Only in the second decade of the 20st century the Dutch decided to get control over the entire island, and to make contact with the little known populations in the highlands. Under the aggressive military actions of governor-general Van Heutsz, small military units were sent all over Sulawesi to hunt down even the smallest leaders which refused to subject to the new ruler. In 1906, all rulers were obliged to sign a so-called 'Short Declaration', in which they agreed to follow all instructions from the Dutch Indies government.
This victory was reached by a lot of bloodshed. In Donggala, Tolitoli, Gorontalo, Kulawi and Banggai they had to overcome the armed opposition. The most heavy fights were delivered against the proud and densely populated Buginese and Makassarese states. The Dutch expeditionary army attacked Bone at first in Juli 1905, in the hope that a defeat would get a common surrender. After a bitter fight, which costed an estimated 1000 lives, the capital was taken.
After the capitulation, the raja, La Pawawoi, was chased and after four months he was finally captured. In October 1905 the main Dutch army got into a battle with Gowa, in which sultan Husen was forced to flea north with his followers. He gave the most important resistance near Sawitto (Pinrang), together with the La Sinrang, son of the raja of Pinrang. Husen died in 1906, still hunted by the Dutch.
After that, resistance of the Buginese didn't last long anymore. A number of important aristocrats of Luwu' got killed in a short fight on the beach of Palopo in 1906. From this city the Dutch spread out in military columns in various directions. They found strong resistance in northern Toraja. There, Pong Tiku had gained an unlikely power base by making himself into the master of the just started trade in coffee and slaves, in which he received guns, salt and foreign products in trade. In April 1906 the Dutch attacked his base in Pangala', but they could only take him as prisoner one year later. In Juli 1907 he was executed in Rantepao. In this fashion, many of Sulawesi's impenetrable highlands were eventually subjected to Dutch rule.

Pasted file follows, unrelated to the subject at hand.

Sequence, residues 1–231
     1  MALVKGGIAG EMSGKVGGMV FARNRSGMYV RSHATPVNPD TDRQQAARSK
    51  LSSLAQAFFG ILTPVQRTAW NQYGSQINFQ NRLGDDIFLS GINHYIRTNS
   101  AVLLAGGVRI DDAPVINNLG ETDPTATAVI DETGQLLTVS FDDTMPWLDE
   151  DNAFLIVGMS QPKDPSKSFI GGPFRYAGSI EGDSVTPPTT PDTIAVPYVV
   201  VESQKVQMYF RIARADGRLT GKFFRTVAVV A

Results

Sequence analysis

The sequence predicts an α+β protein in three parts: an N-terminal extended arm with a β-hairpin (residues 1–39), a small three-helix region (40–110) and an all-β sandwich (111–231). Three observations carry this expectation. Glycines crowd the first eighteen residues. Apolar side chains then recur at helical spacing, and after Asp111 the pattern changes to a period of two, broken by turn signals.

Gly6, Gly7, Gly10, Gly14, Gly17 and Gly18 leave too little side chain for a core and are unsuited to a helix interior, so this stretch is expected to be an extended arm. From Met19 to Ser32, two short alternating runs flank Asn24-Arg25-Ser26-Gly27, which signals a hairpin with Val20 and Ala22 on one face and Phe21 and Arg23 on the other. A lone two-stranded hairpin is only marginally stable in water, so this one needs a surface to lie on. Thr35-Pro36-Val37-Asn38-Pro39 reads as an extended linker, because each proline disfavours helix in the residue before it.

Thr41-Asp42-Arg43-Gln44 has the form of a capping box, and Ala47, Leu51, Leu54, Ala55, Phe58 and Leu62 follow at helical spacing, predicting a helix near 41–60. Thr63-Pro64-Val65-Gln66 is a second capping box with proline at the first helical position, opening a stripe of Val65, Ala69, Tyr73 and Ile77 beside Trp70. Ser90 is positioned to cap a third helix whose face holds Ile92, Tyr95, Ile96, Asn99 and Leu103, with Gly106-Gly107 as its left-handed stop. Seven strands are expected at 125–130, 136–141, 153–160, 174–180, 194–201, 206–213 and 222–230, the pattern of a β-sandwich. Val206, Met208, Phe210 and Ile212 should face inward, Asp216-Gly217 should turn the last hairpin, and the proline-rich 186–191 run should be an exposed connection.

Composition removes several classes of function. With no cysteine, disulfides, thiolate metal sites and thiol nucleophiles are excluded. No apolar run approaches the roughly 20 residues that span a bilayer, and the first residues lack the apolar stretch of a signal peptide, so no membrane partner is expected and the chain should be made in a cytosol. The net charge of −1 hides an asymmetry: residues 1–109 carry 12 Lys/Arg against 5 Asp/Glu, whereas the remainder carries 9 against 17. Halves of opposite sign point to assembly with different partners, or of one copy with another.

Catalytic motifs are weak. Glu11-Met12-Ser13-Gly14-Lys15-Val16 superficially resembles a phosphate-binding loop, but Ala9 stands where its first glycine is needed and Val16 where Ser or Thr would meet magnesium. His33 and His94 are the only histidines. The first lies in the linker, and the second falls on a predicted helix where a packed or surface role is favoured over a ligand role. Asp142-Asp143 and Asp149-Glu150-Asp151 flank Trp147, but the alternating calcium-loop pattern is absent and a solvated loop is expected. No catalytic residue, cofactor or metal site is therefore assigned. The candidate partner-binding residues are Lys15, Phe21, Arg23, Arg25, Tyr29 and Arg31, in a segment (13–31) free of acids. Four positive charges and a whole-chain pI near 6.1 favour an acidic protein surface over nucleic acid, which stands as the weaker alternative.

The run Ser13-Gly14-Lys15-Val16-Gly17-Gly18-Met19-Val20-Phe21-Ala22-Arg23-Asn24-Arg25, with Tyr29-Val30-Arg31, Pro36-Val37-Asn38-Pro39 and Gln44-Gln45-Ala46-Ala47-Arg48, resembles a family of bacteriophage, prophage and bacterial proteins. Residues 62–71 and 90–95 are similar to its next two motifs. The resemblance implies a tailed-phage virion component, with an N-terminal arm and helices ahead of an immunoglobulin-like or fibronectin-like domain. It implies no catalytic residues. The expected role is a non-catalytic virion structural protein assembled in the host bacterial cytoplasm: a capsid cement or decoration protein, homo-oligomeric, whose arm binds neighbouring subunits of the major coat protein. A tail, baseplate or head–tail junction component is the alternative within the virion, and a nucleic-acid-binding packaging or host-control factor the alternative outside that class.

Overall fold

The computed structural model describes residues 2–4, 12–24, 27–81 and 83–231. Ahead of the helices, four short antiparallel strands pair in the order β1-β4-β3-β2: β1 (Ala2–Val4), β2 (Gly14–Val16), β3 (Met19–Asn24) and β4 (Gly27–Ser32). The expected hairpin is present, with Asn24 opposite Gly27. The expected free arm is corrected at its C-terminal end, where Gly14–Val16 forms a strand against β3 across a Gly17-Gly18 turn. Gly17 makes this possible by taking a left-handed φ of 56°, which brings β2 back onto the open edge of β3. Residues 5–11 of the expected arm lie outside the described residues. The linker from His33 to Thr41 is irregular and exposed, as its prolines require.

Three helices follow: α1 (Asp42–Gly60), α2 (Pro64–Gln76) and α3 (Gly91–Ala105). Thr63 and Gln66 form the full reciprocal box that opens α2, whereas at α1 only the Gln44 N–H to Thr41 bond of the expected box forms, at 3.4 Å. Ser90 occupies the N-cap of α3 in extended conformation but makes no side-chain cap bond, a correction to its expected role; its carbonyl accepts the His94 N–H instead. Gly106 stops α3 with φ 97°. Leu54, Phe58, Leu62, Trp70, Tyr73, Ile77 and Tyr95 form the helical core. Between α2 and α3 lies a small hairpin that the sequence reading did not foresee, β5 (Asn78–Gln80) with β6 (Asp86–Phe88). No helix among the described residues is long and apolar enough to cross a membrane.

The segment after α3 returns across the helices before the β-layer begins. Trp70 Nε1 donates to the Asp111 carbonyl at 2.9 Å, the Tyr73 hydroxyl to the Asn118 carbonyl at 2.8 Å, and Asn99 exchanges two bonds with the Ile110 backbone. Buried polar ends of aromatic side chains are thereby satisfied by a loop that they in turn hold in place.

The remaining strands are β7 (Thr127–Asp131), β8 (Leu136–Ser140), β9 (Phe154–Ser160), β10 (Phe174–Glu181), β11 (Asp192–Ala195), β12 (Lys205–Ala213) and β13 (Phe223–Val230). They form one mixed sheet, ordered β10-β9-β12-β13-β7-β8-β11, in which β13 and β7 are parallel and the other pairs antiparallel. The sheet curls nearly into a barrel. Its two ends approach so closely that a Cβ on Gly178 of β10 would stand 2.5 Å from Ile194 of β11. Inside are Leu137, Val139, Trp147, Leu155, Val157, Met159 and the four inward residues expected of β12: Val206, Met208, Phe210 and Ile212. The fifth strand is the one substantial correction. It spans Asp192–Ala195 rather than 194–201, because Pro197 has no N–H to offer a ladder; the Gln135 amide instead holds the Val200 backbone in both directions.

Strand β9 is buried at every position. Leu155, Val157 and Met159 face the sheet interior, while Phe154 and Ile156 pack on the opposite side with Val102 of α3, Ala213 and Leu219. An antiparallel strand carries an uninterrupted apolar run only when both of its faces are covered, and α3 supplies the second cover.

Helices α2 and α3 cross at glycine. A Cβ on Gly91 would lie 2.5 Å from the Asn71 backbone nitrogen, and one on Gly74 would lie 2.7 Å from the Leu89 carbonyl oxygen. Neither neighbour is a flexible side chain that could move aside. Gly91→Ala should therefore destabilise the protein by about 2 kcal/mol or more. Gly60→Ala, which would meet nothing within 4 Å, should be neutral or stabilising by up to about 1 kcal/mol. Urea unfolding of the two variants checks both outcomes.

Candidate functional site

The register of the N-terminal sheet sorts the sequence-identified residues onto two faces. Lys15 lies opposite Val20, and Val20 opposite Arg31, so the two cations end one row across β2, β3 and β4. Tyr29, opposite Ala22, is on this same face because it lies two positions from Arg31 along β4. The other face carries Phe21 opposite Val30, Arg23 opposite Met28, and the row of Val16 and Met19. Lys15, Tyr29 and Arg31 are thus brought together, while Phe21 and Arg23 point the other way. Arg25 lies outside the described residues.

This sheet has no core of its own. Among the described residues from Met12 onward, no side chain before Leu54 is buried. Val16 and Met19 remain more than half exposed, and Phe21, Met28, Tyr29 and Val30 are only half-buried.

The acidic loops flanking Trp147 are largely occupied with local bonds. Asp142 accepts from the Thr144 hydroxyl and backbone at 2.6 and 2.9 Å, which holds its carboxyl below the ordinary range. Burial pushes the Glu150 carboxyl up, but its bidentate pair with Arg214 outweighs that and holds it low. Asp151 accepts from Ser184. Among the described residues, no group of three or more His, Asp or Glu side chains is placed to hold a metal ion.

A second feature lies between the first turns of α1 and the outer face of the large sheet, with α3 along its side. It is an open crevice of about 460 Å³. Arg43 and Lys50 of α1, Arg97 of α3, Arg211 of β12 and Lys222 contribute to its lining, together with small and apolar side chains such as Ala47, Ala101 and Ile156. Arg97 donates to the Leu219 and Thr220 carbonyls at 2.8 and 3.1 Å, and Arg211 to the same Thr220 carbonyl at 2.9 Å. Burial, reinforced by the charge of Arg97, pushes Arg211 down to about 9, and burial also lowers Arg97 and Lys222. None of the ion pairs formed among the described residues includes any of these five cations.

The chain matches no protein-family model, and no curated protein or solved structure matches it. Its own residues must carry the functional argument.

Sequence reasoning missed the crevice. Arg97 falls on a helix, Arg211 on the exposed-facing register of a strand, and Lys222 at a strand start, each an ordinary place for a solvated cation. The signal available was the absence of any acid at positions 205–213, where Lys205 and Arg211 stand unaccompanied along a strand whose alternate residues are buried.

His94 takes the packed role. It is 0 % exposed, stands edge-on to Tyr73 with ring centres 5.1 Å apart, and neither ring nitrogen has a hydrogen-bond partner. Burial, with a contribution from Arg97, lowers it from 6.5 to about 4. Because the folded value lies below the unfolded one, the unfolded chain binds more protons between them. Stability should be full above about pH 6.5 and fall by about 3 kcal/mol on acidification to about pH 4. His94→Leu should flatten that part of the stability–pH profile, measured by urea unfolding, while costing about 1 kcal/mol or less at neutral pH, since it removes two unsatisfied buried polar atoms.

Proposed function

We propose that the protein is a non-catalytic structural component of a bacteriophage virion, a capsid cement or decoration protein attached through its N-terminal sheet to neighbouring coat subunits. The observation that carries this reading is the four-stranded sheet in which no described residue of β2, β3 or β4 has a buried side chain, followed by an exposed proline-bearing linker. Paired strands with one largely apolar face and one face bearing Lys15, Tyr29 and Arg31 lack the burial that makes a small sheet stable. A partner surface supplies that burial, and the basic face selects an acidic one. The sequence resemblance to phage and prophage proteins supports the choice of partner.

Scientists and missionaries

The success of the Dutch 'pacification program' made it possible for etnographers like the Swiss Sarasins to explore the center of the island. Chrisian missionaries could work with populations which were hardly familiair with islam, which was common along the coasts. In 1892 Dutch protestant missionaries entered Poso. Their conversion activities were the same as those of the military. In Sa'dan Toraja area (the current Tana Toraja) other Dutch missionaries started their work in 1913, but their efforts didn't bring in result for over 20 years.
The 35 years that the Dutch ruled effectively, probably formed the longest period of peace in the history of Sulawesi. The population was mobilized for the construction of a road system and irrigation networks. The governor of Makassar had the power over assistent-regents in Parepare, Palopo, Watampone (Bone), Majene, Bantaeng and Baubau (Buton), while the resident in Manado was responsible for Gorontalo, Donggala and Poso.
Minahasa had a special position among the areas which were directly controlled by the Dutch. The population was mainly christian and better educated than other groups in the Dutch Indies. Because of this they were put to work all over the colony as teachers and servants. In 1919 the Minahasa were rewarded with a partially choosen representative council, the Minahasacounsil.
The biggest part of Sulawesi was, theoretically, governed indirectly, where the Dutch contacts with royals along the coast were used as an excuse to gain control over the inland states as well, even when the mountain inhabitants didn't have more than a trade relation with the coast. The financial management was strictly in the hands of the Dutch. The two most powerfull thrones of Sulawesi, Bone and Gowa, stayed empty. Only in 1931 is was safe enough for the son of the last sultan of Gowa, Andi Mappanyuki, to ascend the throne of Bone. Five years later the dynasty of Gowa was brought back to a past glory in Sungguminasa.